St. Patrick's Eve

Grab a pint at our cash bar and tour our objects and paintings that represent the history of the Irish in New York.

Fri, 03/16/2012 - 18:00 to 20:00
Fri, March 16th, 2012 | 7:00 pm to 9:00 pm

On St. Patrick's Eve, we'll be hosting an evening dedicated to Irish heritage, with music, art and more. Grab a pint at Caffè Storico and tour our objects and paintings that represent the history of the Irish in New York! A map will guide you to such treasures as artist John Ramage's desk, Al Smith's cigar box, and Louis Lang’s historical painting The Return of the 69th (Irish) Regiment, N.Y.S.M.

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Join the Hunt! (Saturday)

  Families team up and head out with just a secret map and lots of surprise clues that take them on a trip around the museum!

Sat, 11/12/2011 - 14:00
Sat, November 12th, 2011 | 2:00 pm

Event Details

Families team up and head out with just a secret map and lots of surprise clues that take them on a trip around the museum to discover everyday life across the centuries - 1609-2011. On the move and learning all the time, you’ll find that The Hunt is a winning hour of fun and a fun way to spend an hour as a family.

Free with Family Membership or Daily Admission.


Second floor classroom, New-York Historical Society, 170 Central Park West, New York, NY 10024

Family Programs: 
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Tales from a 19th-Century Privy

Joan H. Geismar, Ph.D. Urban Archaeologist
Fri, 11/11/2011 - 11:30
Fri, November 11th, 2011 | 11:30 am

Event details

Put on gloves, pick up a magnifying glass and sift through the stuff of life in 19th-century New York City. Join urban archaeologist Joan Geismar for a fascinating, hands-on look at the contents of the backyard privy pit of the early 19th-century James Brown Inn on Spring Street(now called the Ear Inn). Broken plates, cups and bottles, oyster shells and shoe leather are just some of the clues to how people lived in the past - what they ate, what they could buy and what they chose to buy, and what they threw away.

Family Programs: 
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Byrdcliffe: An American Arts And Crafts Colony

March 05, 2005
May 15, 2005

An exhibition that honors one of the most influential arts colonies in the United States is on view at the New-York Historical Society from March 15- May 15, 2005. Produced by the Herbert F. Johnson Museum of Art at Cornell University, the exhibition tells the story about this remarkable community that was founded in 1902 and still operates today.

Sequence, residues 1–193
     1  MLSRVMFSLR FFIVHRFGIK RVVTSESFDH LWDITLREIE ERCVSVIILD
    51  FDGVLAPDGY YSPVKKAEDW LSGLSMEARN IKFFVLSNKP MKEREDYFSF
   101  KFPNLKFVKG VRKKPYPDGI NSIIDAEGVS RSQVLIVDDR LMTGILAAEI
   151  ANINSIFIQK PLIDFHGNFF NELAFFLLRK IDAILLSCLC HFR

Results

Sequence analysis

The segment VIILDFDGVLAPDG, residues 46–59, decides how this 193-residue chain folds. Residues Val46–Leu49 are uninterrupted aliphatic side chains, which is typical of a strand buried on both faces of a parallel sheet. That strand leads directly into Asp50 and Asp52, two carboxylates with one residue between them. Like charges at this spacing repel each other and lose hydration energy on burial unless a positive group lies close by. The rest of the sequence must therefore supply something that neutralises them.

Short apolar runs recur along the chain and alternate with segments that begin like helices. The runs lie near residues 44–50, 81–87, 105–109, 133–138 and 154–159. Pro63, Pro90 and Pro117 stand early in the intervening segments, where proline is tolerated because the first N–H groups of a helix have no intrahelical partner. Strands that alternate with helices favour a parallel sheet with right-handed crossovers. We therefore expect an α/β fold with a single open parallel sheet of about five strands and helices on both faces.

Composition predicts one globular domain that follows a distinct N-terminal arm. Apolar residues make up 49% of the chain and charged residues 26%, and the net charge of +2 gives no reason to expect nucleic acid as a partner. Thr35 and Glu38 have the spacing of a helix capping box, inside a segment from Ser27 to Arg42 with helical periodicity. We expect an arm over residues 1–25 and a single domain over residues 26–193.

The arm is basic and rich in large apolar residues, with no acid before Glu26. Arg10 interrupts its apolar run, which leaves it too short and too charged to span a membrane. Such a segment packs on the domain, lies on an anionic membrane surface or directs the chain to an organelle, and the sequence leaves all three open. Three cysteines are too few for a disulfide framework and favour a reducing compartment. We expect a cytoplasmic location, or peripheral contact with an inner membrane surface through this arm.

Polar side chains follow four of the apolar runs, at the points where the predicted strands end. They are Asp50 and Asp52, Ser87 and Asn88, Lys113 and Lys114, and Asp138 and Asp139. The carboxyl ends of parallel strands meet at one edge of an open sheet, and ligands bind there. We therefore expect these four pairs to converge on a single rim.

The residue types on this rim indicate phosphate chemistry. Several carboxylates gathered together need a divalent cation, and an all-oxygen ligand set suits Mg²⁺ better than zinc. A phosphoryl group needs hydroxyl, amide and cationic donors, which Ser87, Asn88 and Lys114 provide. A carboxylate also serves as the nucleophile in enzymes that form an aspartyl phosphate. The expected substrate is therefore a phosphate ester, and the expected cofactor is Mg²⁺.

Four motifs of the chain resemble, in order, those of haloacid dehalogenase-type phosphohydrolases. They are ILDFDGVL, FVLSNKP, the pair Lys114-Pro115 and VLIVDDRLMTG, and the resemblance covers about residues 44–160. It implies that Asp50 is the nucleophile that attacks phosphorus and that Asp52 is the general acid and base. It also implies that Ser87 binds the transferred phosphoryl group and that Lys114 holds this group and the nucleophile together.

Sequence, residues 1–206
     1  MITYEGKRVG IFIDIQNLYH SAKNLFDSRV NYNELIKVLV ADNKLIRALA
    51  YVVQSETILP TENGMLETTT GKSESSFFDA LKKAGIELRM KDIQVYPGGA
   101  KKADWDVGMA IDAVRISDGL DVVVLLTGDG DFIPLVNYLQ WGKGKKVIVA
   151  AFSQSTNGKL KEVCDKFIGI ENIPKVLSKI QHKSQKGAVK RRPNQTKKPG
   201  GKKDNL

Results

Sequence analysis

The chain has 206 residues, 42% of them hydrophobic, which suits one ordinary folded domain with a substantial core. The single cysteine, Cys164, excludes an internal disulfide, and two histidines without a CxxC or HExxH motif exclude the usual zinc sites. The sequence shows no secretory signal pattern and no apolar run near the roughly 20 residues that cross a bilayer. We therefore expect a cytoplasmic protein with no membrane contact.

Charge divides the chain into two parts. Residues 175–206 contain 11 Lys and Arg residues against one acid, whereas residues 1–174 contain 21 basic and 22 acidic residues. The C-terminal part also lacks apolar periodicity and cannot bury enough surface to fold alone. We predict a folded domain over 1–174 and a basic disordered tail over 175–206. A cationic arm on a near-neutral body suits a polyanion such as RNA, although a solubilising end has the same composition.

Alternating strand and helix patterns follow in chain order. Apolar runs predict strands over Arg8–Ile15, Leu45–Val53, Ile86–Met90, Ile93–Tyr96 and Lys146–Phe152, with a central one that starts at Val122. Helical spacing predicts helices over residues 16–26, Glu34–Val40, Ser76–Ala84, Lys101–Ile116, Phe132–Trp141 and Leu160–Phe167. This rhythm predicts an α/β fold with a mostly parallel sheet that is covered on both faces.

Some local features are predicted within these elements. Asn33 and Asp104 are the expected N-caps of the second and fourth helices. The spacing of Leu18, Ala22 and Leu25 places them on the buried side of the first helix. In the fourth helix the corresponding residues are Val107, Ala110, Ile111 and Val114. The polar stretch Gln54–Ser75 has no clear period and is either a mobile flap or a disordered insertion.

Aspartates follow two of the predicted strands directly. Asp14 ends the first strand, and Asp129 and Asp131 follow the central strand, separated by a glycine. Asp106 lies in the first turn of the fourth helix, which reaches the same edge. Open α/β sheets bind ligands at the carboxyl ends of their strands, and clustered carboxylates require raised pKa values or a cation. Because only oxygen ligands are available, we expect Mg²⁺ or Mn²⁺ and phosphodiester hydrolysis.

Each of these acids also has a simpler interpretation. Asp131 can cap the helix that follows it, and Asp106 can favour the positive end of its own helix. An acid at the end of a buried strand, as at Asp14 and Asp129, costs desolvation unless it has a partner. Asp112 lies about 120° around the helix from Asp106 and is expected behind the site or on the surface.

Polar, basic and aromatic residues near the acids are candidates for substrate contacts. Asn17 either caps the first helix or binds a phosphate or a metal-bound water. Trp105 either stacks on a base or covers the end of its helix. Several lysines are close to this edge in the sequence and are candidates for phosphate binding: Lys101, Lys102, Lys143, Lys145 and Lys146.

Byrdcliffe is located in Woodstock, NY; a town known for its impact on social change through art, music and non-violent measures. Set against the background of a rapidly changing America, the exhibit concentrates on the arts and crafts created at Byrdcliffe from the colony's earliest days, until the death of co-founder and chief investor Ralph Whitehead in 1929. The colony drew especially large crowds for its 'Maverick' music festivals which were filled uninhibited, bohemian song and dance. Folk icon Bob Dylan continued the music tradition many years later at Byrdcliffe when he and The Band lived and recorded the famous Basement Tapes at a neighboring house in Saugerties.

The exhibit features a total of 191 paintings, photographs, prints, frames, metalwork, furniture, ceramics and textiles from nearly two dozen artists who called Byrdcliffe home. Of equal importance as the art itself, were the utopian ideals advanced by Whitehead and the other founders, combined with the dynamic creativity of its talented but under-appreciated artists.

The exhibit and companion catalog, which is available in the N-YHS Museum Store, examines the historical, artistic and social significance of the colony through three interconnected themes: Quest for the Handmade shows how the work of the artists, writers and critics reflects a rebellion against the technological advances of the Industrial Revolution; Byrdcliffe as a Utopian Community explores the colony's role as an independent entity against an increasingly global backdrop and Artists and Artisans examines the independence and creativity of the artists themselves.

From examples of hand-crafted furniture such as George Eggers' oak Chest with Winter Landscape with its painted panels depicting stark winter landscapes; to jewelry and tableware designer Bertha Thompson's silver table spoon; as well as landscape paintings, ceramic bowls, textiles, photographs and hand-bound journals, Byrdcliffe tells the story of how a community driven by the desire to create beautiful, functional objects drew a diverse array of artisans to a pristine setting in the heart of the Catskills, where they flourished in a communal atmosphere of shared artistic endeavor.